Dave Made a Maze Review
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Back in the good old days, when we were kids, we could spend long rainy days building forts out of couch cushions or cardboard boxes, creating our own worlds. And in the quirky indie adventure Dave Made a Maze, a grown man creates a cardboard maze and gets trapped in his own imaginary world.

Dave Made a Maze goes on a wildly eccentric adventure through a living room fort that’s much bigger—and more dangerous—than it seems. When his girlfriend goes away for the weekend, Dave (Nick Thune) decides to build a labyrinth in their living room, only to end up trapped inside. As his friends gather in his apartment, trying to figure out how to rescue him, he warns them not to step inside. But they ignore his warnings, and they soon find themselves racing through a gigantic cardboard world of puppets and origami birds and a vicious minotaur.

  
 
If you’re tired of the lack of imagination in today’s big-budget studio features, you’ll want to seek out this wacky and lovably bizarre comic thriller. The set-up is one that will appeal to the kid in all of us. After all, who wouldn’t love to have the time to build a grown-up cardboard fort just for fun? Just the sight of the fort alone will make viewers long to crawl right in (only to end up complaining about sore knees and backs a few minutes later).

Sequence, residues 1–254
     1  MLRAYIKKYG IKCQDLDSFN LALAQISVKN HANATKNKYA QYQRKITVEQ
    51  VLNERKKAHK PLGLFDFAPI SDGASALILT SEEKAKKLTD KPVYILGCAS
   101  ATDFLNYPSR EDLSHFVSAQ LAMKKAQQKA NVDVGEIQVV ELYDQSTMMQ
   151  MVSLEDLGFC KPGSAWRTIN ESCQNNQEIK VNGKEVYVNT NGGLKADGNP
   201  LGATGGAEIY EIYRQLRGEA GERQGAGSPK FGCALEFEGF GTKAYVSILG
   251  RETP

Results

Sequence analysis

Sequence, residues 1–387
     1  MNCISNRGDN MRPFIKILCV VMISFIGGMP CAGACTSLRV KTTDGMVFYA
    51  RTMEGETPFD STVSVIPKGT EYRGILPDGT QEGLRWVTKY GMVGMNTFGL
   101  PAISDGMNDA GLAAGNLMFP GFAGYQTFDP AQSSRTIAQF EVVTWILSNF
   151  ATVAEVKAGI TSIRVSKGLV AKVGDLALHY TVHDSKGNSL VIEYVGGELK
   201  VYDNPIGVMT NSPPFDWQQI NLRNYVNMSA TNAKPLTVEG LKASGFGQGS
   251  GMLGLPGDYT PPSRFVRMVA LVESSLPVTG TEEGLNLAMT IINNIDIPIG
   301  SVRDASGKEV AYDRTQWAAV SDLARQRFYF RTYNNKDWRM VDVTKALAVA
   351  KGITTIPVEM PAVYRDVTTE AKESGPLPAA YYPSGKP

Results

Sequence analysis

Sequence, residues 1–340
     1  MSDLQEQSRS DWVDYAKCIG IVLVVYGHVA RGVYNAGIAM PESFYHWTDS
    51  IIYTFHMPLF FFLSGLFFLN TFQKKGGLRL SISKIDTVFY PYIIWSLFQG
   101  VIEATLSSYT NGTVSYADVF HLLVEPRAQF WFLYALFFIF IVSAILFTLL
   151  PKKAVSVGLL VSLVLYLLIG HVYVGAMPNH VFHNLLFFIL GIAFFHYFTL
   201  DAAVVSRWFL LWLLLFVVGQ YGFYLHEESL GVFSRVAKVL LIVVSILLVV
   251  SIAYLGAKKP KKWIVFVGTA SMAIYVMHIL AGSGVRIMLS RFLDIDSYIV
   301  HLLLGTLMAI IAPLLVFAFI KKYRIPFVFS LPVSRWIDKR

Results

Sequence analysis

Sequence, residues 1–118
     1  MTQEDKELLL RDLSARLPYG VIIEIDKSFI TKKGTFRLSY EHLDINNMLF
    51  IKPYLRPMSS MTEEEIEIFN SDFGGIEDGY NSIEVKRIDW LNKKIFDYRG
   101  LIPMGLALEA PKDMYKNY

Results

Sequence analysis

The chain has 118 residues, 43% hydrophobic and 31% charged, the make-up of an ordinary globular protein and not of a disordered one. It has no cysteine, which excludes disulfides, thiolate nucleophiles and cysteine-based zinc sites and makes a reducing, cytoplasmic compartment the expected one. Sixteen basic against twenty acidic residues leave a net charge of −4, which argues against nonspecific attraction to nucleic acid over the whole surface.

But, of course, it’s not all fun and games for this 30-year-old in crisis. The playfulness and whimsy of this cardboard creation take a dark turn when Dave and the rescue party that comes in after him find themselves lost in the labyrinth, hunted by the minotaur while facing booby traps and other unexpected dangers. And if you don’t know what’s coming, the quirky violence and creepy imagery can catch you off-guard.

Even in its darkest moments, though, Dave Made a Maze is still creative, kooky fun. A documentary crew races along with the rest of the characters, asking leading questions while trying to direct the action. The characters are eccentric and often silly. And even the violence is handled in surprisingly creative ways—making for a slightly eerie but entirely entertaining adventure.

Dave Made a Maze isn’t a flawless film—but that’s all just a part of its crafty charm. It’s strange and unexpected with a handmade feel—and it’s probably more imaginative that anything you’ve seen in theaters in a long time.


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